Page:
Carcross/Tagish First Nation has launched an initiative to provide any citizen welcoming a baby, no matter where they live, with a care package similar to the one pictured. (Submitted)

Carcross/Tagish First Nation has launched an initiative to provide any citizen welcoming a baby, no matter where they live, with a care package similar to the one pictured. (Submitted)

Carcross/Tagish First Nation launches baby basket program

Carcross/Tagish First Nation has launched an initiative to provide any citizen welcoming a baby, no matter where they live, with a care package.

On top of standard basics like diapers, a container of formula, a bottle, a teething toy and blankets, the packages will also contain information and application forms for things like C/TFN citizenship, status and social insurance.

The packages, or “baby baskets,” are meant to help out parents, get potential new citizens off to a good start and keep C/TFN in touch with its people, Karyn Atlin, the First Nation’s registry and citizenship coordinator, said in an interview Nov. 5.

She credited the idea to Haa Shaa du Hen (Chief) Lynda Dickson.

“It’s just something Lynda wanted to do,” Atlin said. “She thinks we needed to, you know, make that connection when somebody’s new, to welcome them.”

There’s also a practical side to reaching out early, too — it means that new parents and children can be made aware of and connected with C/TFN’s health and wellness department so they can take advantage of the services and programs available to them.

The first basket was recently mailed out to Whitehorse to C/TFN’s first baby of the year; a second is expected to go out in December.

Atlin said she drove into Whitehorse to pick up the supplies for the first basket, but is looking into ordering things in bulk for future ones so it’s more cost-effective and so that everything’s at-hand even on short notice.

“We’re going to stick to it and keep doing it,” she said of the initiative. “We used to send out flowers a lot to people who were in the hospital but they don’t really like flowers anymore in the hospitals so we’re trying to rethink some of those things.”

She also emphasized that, as long as she knew a citizen was expecting a baby, she would send the basket anywhere.

“We’ll do it for wherever you live, it doesn’t matter,” Atlin said. “We have, oh, probably 45 or 50 people that are living in the United States for example, we do have people in a couple of different countries, I think we’ve got Germany, Turkey, a couple other places, so wherever they are, if they’re on my list and they let me know they’re having a child, we can get the basket coordinated and get it out to them.”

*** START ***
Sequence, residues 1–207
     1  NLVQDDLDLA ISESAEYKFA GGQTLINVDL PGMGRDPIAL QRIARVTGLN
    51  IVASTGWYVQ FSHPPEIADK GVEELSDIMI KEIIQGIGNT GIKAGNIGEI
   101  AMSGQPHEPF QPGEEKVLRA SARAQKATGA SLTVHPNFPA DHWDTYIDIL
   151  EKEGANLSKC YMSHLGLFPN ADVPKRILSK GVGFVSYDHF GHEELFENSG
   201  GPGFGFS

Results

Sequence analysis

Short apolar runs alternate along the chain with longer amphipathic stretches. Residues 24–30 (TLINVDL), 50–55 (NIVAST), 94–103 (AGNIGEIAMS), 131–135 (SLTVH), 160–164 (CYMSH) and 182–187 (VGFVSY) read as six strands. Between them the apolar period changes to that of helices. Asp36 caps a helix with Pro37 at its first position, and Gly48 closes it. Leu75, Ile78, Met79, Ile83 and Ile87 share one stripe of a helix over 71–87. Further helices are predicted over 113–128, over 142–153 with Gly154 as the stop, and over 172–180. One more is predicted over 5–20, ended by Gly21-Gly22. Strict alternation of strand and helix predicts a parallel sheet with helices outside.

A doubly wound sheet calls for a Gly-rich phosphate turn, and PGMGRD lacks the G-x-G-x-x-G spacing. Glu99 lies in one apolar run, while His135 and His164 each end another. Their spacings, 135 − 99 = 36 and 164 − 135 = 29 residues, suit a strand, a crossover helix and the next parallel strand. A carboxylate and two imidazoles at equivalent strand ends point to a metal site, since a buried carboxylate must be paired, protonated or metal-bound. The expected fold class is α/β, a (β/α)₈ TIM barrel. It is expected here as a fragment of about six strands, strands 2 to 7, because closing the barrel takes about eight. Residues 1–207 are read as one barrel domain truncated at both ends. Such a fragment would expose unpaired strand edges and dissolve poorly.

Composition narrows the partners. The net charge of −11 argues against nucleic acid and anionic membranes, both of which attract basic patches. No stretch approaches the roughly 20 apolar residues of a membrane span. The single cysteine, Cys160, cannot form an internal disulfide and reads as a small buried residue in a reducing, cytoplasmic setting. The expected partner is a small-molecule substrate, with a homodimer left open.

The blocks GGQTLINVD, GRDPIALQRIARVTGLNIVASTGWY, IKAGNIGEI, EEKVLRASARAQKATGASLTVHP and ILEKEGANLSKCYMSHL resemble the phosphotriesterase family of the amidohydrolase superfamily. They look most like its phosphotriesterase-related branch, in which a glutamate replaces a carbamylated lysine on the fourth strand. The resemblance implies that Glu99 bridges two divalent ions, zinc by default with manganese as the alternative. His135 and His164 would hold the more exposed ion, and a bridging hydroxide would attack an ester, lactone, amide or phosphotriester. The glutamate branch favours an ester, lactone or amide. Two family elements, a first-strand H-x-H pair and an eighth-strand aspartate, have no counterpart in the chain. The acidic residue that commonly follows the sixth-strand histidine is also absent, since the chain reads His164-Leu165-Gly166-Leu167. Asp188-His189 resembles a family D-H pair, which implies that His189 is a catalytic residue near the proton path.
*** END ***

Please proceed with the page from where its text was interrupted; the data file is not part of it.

The baskets, Atlin said, are one of the latest ways that C/TFN is trying to keep citizens — and in particular, the ones living outside of the Carcross and Tagish areas — engaged and supported. Other programs include an elders benefit, where citizens over the age of 60 receive two $1,200 payments every year and funding to help cover the cost of citizens’ funerals. C/TFN also provided citizens with $300 gift cards at the start of the pandemic, and Atlin said, based on the positive reaction to the baby baskets, is now considering creating bereavement baskets for citizens mourning the loss of a loved one.

“We’d just like to connect with people and make sure they know they’re part of Carcross/Tagish First Nation and they’re entitled to, you know, benefits and things that we do here,” she said.

She described the baby baskets as a “really good thing,” but said she was wondering about one thing — typically, C/TFN sees about 15 babies a year, but this year, she’s only heard of two.

Whether that’s because citizens are actually have fewer babies this year or just that she hasn’t heard about more, Atlin’s not sure.

“Maybe they haven’t applied for citizenship yet or some people sometimes get confused with the status-beneficiary issues and don’t always know that they can apply,” she said. “You don’t have to be status to apply to be a citizen, so I’m hoping it will spark up more people connecting with us that might not normally know that they connect or have any reason to connect.”

Contact Jackie Hong at

Yukon First Nations

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